The Captain of Kopenick

Let me first start this post by saying that a couple of weeks ago, I went on a tour of London’s National Theatre. It was a very enjoyable tour and I got to see all three of the theaters that the “National” has to offer; the quaint Cottesloe, the medium-sized Lyttelton, and the massive Olivier. Compared to a lot of London’s buildings, the National Theatre is relatively new. It was officially named the Royal National Theatre in 1988 and allows for very cheap entry-pass memberships (free for people between age 16-25) which include cheap tickets and emails updating on workshops and theatre platforms. Anyways, On my visit to the Olivier Theatre I was fortunate enough to sit in the audience and view the stage while one of the sets was being worked on. This set happened to be “The Captain of Kopenick.” The set looked pretty cool, so I decided I would have to see the show itself. It did not disappoint. 

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The premise of the show is a down-on-his-luck German prisoner who gets out of prison but, because of some error in the judicial system, he lacks any sort of identification papers. This sets the protagonist on a journey to get identification papers and prove that he officially exists. Hilarity ensues when said protagonist finds a second-hand Captain’s uniform and proceeds to act the part as he troops around town hall declaring all sort of nonsense in his quest for the passport and records office. Along with the journey to “find one’s self,” there is also the side-note theme that the Germans will do anything that someone in uniform says. Going so far as to have the Kaiser laugh at the mix up and, instead of berating his people, praises them. Which, although perhaps not politically correct, certainly was entertaining in the show. 

The acting in this show was stupendous. The main character, Wilhelm Voight, had spectacular depth to him, being a screw up who never owns up to anything at one point, a tender father figure the next, a lewd sailor, a pompous Captain, and then finds his purpose and takes his rightful place in society: prison. There are many ups and downs in this comedy, but the ups outweigh the down and I found myself laughing out loud at some points (which doesn’t often happen). The supporting cast was also great. I fell in love with all of the characters, even the nameless ones (or one’s whose names got lost in the action). Wilhelm’s sister and brother-in-law were fabulous and convincing to boot. Also, the petite and portly mayor (shown below in his skivvies) was very funny.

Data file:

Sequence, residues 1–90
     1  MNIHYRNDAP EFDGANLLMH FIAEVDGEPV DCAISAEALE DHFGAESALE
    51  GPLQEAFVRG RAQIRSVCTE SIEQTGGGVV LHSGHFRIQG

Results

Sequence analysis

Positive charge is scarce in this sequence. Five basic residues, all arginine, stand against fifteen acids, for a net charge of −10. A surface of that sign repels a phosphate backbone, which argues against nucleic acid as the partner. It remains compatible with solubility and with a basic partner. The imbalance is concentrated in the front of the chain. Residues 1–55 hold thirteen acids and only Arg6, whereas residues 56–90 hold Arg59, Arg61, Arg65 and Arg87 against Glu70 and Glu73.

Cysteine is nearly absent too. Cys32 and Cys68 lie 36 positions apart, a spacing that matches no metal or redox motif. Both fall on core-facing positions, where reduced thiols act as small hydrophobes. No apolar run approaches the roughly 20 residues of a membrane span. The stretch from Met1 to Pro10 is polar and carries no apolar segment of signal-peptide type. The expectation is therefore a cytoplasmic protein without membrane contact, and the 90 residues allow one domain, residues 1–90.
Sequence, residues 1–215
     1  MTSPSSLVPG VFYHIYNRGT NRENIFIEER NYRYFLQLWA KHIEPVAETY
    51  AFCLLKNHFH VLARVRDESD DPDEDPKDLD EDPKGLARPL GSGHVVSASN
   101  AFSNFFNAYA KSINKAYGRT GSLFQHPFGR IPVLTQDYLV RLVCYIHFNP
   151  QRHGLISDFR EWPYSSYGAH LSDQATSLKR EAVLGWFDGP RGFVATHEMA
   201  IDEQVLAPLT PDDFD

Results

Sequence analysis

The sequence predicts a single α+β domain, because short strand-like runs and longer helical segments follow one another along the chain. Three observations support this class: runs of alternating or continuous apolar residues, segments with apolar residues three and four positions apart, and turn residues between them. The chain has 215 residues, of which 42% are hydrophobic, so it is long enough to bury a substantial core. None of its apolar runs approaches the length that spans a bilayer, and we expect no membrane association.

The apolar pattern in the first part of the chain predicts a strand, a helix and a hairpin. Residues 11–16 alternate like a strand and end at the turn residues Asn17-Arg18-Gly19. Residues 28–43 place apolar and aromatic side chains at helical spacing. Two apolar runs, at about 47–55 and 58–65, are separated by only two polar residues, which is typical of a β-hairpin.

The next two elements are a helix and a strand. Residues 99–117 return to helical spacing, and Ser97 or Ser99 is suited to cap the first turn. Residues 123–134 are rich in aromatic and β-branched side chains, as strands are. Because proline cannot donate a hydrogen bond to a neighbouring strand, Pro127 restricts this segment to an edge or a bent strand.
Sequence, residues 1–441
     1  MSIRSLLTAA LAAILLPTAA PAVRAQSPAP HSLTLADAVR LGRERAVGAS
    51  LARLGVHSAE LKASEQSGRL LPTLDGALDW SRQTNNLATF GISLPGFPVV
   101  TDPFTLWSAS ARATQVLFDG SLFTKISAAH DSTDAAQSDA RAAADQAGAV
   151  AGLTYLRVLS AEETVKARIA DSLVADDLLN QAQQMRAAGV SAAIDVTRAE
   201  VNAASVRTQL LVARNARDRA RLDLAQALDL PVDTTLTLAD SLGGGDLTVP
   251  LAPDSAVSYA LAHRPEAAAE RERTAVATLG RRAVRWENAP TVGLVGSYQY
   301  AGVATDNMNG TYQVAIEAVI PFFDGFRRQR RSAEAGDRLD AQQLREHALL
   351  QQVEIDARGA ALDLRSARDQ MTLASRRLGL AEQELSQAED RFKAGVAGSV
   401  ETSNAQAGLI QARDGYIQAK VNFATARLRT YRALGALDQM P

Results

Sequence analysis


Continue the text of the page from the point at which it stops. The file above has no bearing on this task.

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The sets and scenery were amazing. Somehow, I got a fantastic seat and was dead center in the upper circle of the theatre. This allowed me to see everything onstage. The complexities of this set must have been enormous. There was a revolving circle that made up most of the stage  and as it would revolve, sometimes things like a door would pop up from a slot in the ground, or half of the circle would sink down and its replacement would have a new scene atop of it. One of my favorite scenes was towards the beginning when Wilhelm is at a halfway house. The men all went down into the floor of the stage and slowly the stage crept up so the audience saw what the house was like underground. The rotation of the stage was also used for comic effects, like when one character had too much to drink and almost did a full split with one foot on the rotating part and one on solid ground, all while carrying on a casual drunken conversation. 

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The one and only bad thing I will say about this play is that at times it was hard to hear what the characters were saying. I don’t know if it was the German accents, or just a volume issue, but things were definitely lost and I had many moments where it took a while for me to piece together what was happening. 

Overall, any show with a dancing floating Captain’s uniform at the end has certainly grabbed my attention. Captain of Kopenick grabbed my attention from the very beginning and held it to the not-so-bitter end. 

More posts to come shortly! 

~A

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